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4921.0 - Participation in Selected Cultural Activities, Australia, 2010-11 Quality Declaration 
Previous ISSUE Released at 11:30 AM (CANBERRA TIME) 21/02/2012  First Issue
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Men and women had different patterns of participation in selected cultural activities in the 12 months before interview in 2010–11. For example, women were more likely than men to participate in textile crafts, jewellery making, paper crafts or wood crafts – with participation rates of 15% (1.3 million female participants) and 5.3% (463,300 male participants) respectively – and in sculpting, painting, drawing or cartooning – with participation rates of 10% (896,400 female participants) and 6.3% (547,200 male participants) respectively. (Table 5)

In contrast, men were more likely than women to participate in writing song lyrics, or mixing or composing music – with participation rates of 4.0% (350,400 male participants) and 1.7% (154,200 female participants) respectively – and in designing websites, computer games or interactive software – with participation rates of 4.4% (382,300 male participants) and 2.2% (198,100 female participants) respectively. (Table 5)


Particular factors can prevent people participating in cultural activities. The most common barrier people cited was a lack of time, reported by an estimated 1.7 million people (9.8% of the population). An estimated 3.4 million people (72% of participants) who participated in a cultural activity did not want to participate in more cultural activities. (Table 4)


People who participated in more than three activities in the 12 months before interview were asked to report on the three activities they did the most. For the majority of these selected cultural activities, people reported a short-term involvement (up to 13 weeks). Furthermore, these participants participated for less than ten hours per week. For example, 73% (97,400) of participants in printmaking, screen printing or etching took part in the activity for up to 13 weeks. Of these people, 83,100 (62% of participants in the activity) participated for less than ten hours per week and 14,300 (11%) participated for ten hours or more per week. The majority (61%) of people involved in singing or playing a musical instrument participated in the activity for more than 13 weeks for less than ten hours per week. (Table 9)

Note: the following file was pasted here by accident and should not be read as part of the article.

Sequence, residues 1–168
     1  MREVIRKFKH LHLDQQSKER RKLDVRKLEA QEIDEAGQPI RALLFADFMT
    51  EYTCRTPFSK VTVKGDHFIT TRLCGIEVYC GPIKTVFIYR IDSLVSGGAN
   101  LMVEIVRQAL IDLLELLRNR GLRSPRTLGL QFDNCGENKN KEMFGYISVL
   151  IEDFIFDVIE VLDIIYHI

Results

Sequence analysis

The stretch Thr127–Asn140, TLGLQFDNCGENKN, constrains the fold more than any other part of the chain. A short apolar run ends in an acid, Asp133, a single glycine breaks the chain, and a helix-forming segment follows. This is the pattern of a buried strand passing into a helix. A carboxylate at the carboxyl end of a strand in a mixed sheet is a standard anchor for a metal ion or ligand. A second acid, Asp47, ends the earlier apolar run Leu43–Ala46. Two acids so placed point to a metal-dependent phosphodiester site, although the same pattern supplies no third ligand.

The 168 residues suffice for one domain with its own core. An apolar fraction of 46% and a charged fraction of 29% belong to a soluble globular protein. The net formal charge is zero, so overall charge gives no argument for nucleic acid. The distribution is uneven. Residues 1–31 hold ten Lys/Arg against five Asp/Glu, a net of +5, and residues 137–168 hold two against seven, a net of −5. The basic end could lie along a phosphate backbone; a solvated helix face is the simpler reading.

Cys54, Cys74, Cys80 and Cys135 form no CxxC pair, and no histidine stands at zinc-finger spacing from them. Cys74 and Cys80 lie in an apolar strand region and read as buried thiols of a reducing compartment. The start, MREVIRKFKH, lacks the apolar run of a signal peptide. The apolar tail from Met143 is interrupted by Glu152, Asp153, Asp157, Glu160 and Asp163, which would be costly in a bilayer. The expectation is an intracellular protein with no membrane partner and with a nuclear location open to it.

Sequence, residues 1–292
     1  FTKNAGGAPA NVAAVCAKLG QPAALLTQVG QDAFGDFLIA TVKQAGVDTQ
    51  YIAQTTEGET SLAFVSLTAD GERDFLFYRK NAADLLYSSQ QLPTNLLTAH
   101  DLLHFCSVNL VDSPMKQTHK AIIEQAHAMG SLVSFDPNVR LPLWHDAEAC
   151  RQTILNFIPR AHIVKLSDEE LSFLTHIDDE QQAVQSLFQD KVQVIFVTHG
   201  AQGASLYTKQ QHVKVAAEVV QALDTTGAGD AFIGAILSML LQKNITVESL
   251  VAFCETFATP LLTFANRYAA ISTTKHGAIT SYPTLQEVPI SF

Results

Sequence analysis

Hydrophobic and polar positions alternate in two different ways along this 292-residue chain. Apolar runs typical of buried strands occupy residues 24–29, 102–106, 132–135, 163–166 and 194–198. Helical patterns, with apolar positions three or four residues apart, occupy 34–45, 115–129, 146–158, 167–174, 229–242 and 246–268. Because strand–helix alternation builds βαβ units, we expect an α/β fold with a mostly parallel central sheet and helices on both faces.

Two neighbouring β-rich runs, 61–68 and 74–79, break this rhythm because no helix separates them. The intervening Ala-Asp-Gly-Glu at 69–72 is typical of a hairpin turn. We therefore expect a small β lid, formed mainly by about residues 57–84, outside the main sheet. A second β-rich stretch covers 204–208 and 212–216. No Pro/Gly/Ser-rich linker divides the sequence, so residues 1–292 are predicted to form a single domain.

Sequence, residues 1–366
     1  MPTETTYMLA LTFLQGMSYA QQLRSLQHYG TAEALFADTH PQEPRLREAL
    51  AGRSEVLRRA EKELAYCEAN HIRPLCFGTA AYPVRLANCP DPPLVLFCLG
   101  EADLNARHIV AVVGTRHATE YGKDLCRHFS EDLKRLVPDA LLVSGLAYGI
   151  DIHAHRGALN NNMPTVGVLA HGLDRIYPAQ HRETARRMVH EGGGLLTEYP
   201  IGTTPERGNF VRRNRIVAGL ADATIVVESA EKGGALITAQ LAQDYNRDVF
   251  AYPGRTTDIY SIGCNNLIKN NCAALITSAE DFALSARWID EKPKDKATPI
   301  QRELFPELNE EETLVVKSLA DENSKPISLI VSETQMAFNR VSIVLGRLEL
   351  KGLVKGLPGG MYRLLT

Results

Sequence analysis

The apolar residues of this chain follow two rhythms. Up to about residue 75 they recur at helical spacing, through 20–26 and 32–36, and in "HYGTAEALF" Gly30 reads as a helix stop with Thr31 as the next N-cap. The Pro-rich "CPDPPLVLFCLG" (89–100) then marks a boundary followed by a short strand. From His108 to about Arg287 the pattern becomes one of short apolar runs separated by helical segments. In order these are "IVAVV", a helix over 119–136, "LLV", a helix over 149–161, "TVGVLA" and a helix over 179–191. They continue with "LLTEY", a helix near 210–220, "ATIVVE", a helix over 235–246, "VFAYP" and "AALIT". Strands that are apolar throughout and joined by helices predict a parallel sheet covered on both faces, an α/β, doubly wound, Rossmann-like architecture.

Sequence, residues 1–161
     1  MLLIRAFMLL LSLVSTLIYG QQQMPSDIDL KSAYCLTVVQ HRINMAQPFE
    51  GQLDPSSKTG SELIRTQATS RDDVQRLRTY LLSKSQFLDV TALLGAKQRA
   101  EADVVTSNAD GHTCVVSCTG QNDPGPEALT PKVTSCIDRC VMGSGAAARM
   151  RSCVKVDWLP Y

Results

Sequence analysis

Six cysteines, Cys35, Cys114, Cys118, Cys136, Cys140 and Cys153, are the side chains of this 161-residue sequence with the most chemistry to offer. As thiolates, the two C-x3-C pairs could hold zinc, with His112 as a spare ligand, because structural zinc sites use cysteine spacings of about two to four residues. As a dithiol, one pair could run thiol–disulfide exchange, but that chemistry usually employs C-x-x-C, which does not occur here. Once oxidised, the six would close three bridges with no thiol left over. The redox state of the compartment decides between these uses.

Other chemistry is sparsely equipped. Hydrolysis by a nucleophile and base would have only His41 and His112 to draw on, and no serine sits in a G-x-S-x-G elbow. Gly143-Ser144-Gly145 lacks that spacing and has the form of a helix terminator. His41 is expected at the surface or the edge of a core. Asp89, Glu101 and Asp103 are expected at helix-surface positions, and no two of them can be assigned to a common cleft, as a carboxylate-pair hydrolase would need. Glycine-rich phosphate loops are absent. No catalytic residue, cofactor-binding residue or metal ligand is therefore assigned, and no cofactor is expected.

The most common reason for participation in a cultural activity was personal enjoyment or use, reported by 88% of all participants. Other reasons for involvement included friends or family use or entertainment (25%), self-expression (21%) and therapy or relaxation (21%). Note that people could nominate more than one reason for participation. (Table 6)


An estimated 15% of people who participated in a cultural activity (682,500 people) received a wage or salary or other form of payment for their participation. A higher proportion of men (18%) than women (12%) were paid for their participation. Men aged 25–34 years and 35–44 years (24% of participants in each age group) were more likely than men in other age groups to be paid for their participation in cultural activities. (Table 7)


The proportion of participants who had ever completed a qualification in, or related to, a cultural activity varied across the selected activities. For example, about a quarter of participants in fashion, interior or graphic design (26% or 85,000 people) had a qualification relevant to this activity. Relevant qualifications were also held by about 23% of participants in designing websites, computer games or interactive software, around 19% of participants in singing or playing a musical instrument, and around 19% of those performing in a drama, comedy, opera or musical. In contrast, about 5.9% of participants (96,000 people) in textile crafts, jewellery making, paper crafts or wood crafts had a relevant qualification. (Table 12)

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